The ECB announced its October interest rate decision on Thursday, and they held everything where it is once again.
Analysts weren’t expecting a change in rates, but ECB President Mario Draghi’s comments at the press conference afterwards were far more interesting.
Here’s what he said:
- This is the full text of his introductory statement.
- Draghi said that the ECB’s quantitative easing programme is having a “favourable impact,” and that it’s “proceeding smoothly.”
- He flagged up that concerns over emerging markets, and commodity markets signal downside risks.
- Most importantly, he noted that “monetary accommodation” — or QE — will be “re-examined” in December. That’s dovish. The euro is pretty much took that as a sign that the bazooka is being primed.
Here’s how the euro looked immediately after the announcement. It fell by slightly more than 1% against the dollar:
- Draghi banged the drum once again for more structural economic reform in the eurozone, but the big news here is that the ECB is taking a look at the level of monetary policy accommodation again.
- He said it’s not about “wait and see” but “work and assess.” It now seems incredibly unlikely that the ECB will not ease in some way in December.
- Interest rate cuts were discussed at the most recent meeting, unlike the meetings before that.
- Brian Blackstone from the Wall Street Journal got a bit of a rant from vice president Vitor Constancio, after a question about whether the eurozone will get bogged down in an endless QE programme.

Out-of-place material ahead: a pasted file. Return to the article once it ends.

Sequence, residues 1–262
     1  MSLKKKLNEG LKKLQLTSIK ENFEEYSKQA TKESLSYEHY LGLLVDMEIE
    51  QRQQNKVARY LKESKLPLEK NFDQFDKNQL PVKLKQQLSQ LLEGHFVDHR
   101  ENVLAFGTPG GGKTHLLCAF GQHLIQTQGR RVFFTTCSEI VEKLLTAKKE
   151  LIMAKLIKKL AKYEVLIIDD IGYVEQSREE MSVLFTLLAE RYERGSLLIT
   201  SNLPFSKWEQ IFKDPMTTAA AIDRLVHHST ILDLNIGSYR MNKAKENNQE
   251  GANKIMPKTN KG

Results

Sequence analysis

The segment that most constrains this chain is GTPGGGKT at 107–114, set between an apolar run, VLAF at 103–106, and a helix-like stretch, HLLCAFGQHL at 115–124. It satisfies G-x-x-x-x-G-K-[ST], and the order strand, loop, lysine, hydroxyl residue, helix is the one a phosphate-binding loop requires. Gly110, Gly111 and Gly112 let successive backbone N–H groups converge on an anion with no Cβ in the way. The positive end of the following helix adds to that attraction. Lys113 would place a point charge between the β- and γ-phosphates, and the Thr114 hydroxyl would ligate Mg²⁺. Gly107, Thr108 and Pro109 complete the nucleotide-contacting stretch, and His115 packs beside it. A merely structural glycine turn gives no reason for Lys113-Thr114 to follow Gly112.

Since late 2014, the ECB’s deposit rate has been at -0.20%, and its refinancing rate at 0.05%. All the communication so far has suggested that it won’t go much further into negative territory — so Thursday’s revelation that it was discussed is important.
Inflation is still low. even core inflation, which strips out the effect of the recent oil price plunge, is at just 0.9%. The ECB’s target for inflation near but just below 2% isn’t being met.
For its QE programme, the ECB is currently aiming to purchase €60 billion ($US67.91 billion or £43.85 billion) in assets per month, until at least September 2016, or until there’s an appreciable pick-up in inflation and inflation expectations.
It could choose to raise that figure, broaden what assets it can purchase, extend the maturities of the purchases, or extend the period for which it intends to buy the securities (mostly government bonds). Basically, the QE programme could still definitely be stepped up.
In September ECB President Mario Draghi spoke at the European Parliament, suggesting that he was monitoring financial and monetary conditions in the eurozone closely for any signs that they’re tightening.
With increased financial market volatility over recent months, conditions have tightened, but not by too much. Here’s what the euro area’s monetary conditions index looks like:
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